Like Lewis and St. Vincent, I am convinced that there is a set of basic beliefs that defines the boundaries of Christianity and that the historic traditions (Orthodox, Roman Catholic and Protestant) share this core. Perhaps the exact boundaries are fuzzy, and it would be difficult and perhaps impossible for these traditions to agree on a particular text articulating these basic beliefs. Nevertheless when I read the Seven Ecumenical Councils (or at least the Nicene Creed), the Protestant confessions of faith and catechisms, the documents of the Second Vatican Council and the Roman Catholic Catechism, I am amazed at the consensus on these core beliefs. And I am also amazed at how extensive the list of consensus beliefs and practices is. There is nothing minimal about this “mere Christianity”!

Though the post-denominational culture in its evangelical form does not deny those historic beliefs and practices, it neglects to teach them in their fullness and focuses instead on experience. The language of worship includes references to God, Jesus and the Spirit. It directs worshipers to praise the grace of God, the love of Jesus and the joy of the Holy Spirit. Sermons inspire and encourage individuals. But as far as I can tell, there is little instruction in doctrine. Such neglect fails on two counts. (1) It assumes either that Christians don’t need instruction in the material covered in the historic catechisms or that they already know it. My experience is that they do not know this material, and my conviction is that they really need to know it. (2) It assumes that churchgoers understand the few beliefs that are mentioned in worship and sermons. I do not believe this is true. Familiar religious language has a way of losing its cognitive content and becoming opaque unless it is explained continually. When this happens, Christian words or professions of faith cease to direct the mind and become mere expressions of religious emotions.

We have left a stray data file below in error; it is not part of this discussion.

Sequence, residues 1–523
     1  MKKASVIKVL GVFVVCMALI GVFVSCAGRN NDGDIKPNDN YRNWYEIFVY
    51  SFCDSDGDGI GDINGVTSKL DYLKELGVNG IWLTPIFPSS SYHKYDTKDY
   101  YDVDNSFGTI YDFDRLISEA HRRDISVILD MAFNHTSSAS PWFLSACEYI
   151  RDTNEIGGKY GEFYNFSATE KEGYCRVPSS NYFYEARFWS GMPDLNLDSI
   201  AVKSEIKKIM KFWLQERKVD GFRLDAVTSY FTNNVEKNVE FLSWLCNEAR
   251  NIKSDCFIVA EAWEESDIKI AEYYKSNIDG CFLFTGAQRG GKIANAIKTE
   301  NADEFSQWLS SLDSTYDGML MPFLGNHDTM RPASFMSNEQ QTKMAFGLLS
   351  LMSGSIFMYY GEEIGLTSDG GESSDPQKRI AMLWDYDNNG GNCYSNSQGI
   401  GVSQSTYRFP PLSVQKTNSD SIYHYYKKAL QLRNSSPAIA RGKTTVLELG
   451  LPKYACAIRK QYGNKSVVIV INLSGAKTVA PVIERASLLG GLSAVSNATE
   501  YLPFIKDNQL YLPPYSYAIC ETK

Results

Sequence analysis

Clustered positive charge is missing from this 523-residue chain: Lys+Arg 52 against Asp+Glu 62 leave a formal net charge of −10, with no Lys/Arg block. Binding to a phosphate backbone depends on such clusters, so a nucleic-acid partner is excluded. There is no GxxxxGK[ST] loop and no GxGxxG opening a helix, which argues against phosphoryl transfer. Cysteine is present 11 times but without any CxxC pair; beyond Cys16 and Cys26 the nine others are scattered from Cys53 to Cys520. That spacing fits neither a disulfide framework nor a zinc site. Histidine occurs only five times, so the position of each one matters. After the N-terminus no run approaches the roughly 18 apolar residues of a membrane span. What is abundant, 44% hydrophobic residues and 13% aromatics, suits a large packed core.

In this series I plan to remind you of what your church should be teaching all its members (catechism) about basic Christianity (mere Christianity). All along, we will keep in view Christian language’s loss of meaning for a post-Christian culture.

Most church catechisms follow the order of the creed or of that church’s confession of faith. That order corresponds also to the order of most systematic theologies: God, the Trinity, creation and providence, the fall and sin, Christ and salvation, the Church and the Spirit, the Christian life and eschatology. I shall begin at a different place, with the church. And next week I shall explain why I begin there.